New life for second hand-clothes

recycled clothes

Fri, 08 Apr 2016 10:43:00 BST

‌Huddersfield researcher champions the mass production of second-hand garments … in Tanzania

recycled clothes ‌‌IN a fashion-conscious western world, huge numbers of garments are discarded or rarely worn.  In the UK alone, an estimated 350,000 tonnes of used clothing – worth £100 million – goes to landfill every year, leading to environmental problems such as build-up of methane gas from chemicals used in textile production.  And although the average UK household owns £4,000 of clothes, almost a third – worth £30 billion – languish in wardrobes, worn maybe just the once.

University of Huddersfield senior lecturer in fashion design Dr Karen Shah is a long-standing researcher and campaigner in the field of recycled clothing.  Now she is working on techniques that could enable large-scale producers to manufacture new garments using discarded textiles.  Also, in collaboration with an African PhD student, she is developing a project that could enable Tanzania to develop a vibrant clothing industry based on recycling.

For a forthcoming special edition of the Journal of Consumer Culture, Dr Shah has authored an article titled From Skip to Catwalk: An Investigation into Viable Pattern Cutting Techniques for Recycled Clothing.  In it, she explores “the murky depths of the skip, the rubbish bin” and assesses the “extent to which the refashioning and remaking of items found therein can become new, relevant and valued again”.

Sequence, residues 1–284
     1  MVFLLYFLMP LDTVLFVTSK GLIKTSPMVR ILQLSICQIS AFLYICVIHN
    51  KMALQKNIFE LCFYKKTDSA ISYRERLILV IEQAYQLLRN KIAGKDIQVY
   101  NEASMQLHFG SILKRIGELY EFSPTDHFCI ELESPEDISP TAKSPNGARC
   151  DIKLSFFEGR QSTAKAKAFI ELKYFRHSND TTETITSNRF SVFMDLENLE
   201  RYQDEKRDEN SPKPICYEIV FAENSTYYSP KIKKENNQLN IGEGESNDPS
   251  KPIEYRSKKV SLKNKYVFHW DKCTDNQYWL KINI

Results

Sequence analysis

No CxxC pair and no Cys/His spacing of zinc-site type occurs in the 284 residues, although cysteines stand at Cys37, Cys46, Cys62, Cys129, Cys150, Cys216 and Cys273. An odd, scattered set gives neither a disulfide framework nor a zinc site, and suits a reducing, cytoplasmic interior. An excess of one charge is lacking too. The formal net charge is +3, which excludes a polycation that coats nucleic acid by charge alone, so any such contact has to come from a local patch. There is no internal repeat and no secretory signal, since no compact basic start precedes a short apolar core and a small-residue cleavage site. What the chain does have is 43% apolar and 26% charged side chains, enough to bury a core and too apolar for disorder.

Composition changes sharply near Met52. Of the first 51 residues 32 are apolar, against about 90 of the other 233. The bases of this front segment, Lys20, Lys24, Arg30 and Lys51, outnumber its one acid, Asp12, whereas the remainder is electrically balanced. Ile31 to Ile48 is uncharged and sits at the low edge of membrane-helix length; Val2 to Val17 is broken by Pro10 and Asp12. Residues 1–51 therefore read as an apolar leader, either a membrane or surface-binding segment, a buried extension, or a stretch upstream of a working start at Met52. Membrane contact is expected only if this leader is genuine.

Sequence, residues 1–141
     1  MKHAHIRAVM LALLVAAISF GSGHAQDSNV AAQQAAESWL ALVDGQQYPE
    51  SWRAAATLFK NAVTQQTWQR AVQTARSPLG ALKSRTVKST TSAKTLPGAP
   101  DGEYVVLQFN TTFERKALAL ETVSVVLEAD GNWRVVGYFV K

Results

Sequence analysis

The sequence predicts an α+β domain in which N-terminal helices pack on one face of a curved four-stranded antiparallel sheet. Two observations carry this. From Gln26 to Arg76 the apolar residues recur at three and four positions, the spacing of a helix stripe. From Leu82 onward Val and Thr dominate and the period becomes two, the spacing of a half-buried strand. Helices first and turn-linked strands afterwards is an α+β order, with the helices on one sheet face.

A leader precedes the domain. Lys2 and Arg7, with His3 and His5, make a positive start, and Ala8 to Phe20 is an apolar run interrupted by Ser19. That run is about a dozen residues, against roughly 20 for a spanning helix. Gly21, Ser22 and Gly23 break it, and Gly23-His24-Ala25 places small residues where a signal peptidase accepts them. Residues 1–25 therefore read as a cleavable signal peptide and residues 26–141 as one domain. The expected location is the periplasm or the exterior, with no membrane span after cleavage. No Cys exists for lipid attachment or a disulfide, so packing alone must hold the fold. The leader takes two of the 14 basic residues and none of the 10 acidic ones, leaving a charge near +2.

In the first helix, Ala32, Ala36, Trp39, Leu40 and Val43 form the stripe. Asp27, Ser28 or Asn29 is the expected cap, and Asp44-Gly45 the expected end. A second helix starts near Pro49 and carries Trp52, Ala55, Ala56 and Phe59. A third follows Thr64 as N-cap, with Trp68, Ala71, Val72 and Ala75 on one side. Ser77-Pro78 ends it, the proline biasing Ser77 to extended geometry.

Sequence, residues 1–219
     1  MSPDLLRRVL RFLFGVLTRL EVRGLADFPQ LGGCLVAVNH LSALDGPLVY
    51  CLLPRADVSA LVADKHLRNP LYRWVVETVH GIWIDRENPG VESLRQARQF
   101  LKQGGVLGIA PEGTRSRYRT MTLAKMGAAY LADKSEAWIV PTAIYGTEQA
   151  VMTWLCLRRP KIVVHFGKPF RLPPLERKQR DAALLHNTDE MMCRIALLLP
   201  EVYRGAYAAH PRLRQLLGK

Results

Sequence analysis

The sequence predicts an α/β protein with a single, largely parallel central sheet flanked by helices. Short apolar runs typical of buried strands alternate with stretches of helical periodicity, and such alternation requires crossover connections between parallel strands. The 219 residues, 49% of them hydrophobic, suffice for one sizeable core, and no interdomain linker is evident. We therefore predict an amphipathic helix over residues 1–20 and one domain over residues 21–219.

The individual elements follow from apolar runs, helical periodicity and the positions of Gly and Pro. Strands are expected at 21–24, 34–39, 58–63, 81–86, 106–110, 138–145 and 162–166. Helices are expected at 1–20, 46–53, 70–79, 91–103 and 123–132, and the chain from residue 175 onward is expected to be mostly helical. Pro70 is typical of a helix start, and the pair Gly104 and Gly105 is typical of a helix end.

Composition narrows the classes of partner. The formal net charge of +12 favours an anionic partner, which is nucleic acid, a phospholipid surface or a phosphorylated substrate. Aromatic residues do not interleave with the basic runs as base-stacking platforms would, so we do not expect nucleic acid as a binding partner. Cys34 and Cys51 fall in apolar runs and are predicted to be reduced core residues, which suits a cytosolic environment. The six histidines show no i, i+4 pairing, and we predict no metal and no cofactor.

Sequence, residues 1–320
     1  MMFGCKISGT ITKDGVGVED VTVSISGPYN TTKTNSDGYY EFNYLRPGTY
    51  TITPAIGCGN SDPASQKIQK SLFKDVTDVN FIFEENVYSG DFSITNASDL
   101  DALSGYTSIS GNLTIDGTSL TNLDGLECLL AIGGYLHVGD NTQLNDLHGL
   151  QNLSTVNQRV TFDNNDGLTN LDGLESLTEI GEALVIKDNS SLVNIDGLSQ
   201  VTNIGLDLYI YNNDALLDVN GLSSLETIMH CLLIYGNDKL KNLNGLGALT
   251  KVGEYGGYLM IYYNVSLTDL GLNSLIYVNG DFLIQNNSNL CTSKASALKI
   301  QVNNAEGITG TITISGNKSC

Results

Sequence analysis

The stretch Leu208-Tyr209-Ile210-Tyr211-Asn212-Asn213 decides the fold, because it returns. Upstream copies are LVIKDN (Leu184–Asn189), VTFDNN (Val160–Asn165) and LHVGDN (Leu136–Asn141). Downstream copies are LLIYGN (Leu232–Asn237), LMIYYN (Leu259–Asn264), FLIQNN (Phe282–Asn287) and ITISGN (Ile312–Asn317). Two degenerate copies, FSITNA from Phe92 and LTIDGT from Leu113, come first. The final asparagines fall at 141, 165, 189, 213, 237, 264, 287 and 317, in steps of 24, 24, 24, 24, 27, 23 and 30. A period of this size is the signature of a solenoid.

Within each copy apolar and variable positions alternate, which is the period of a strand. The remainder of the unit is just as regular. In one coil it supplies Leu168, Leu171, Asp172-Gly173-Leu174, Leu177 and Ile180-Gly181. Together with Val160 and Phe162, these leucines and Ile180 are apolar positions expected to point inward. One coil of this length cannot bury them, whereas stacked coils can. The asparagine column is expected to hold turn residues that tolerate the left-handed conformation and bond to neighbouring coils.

► Landfill in Tanzania

Dr Shah argues that “current rates of consumption within the fashion industry are unsustainable and more needs to be done to address the issue of not only waste but also the almost schizophrenic desire for a constant new look”.

Textile and pattern cutting techniques that utilise waste and found materials have been central to Dr Shah’s lecturing and research career.

‌Although there is now  greater receptiveness to the concept of recycled clothing, the levels of skill required to refashion garments means that they tend to be focused towards to the couture market, says Dr Shah.  She is thinking bigger and has explored pattern cutting techniques and methods in which garments are cut along seams and through key points in order to make them flat.  Pieces can then be patchworked together to produce the fabric for a new garment.  Dr Shah hopes her research will attract the interest of large producers and retailers.

Dr Karen Shah and Charles Kahabi “If the mass production system is producing this waste, then it should shoulder more of the responsibility for reappropriating it back into the system,” she says.

A current University of Huddersfield PhD student is the Tanzanian Charles Kahabi (pictured with Dr Karen Shah) , himself a lecturer in print and design at the University of Dar es Salaam.  His thesis includes an examination of national dress.  In addition to supervising his work, Dr Shah is also drawing inspiration from it.

Tanzania is flooded with discarded clothes from the West, and one result is that indigenous craft skills such as tailoring are being lost.  But the country does have traditional techniques for joining fabrics together and now Dr Shah and Charles Kahabi will explore ways of developing a national dress for Tanzania, based on recycling.  The two will visit the country later in the year to hold design workshops.

In addition to its practical benefits, her research also acts as a commentary on environmental issues, says Dr Shah.  Not only are problems caused at landfill sites, with methane gases from clothing, but garment production is resource intensive.  For example, 2,000 gallons of water are used in the production of a pair of jeans.

Over-consumption of clothes is psychologically fuelled by many factors, such as social media, according to Dr Shah.

“Because of social media, we don’t want to be seen in the same clothes more than once, and this does nothing for our sense of identity.”

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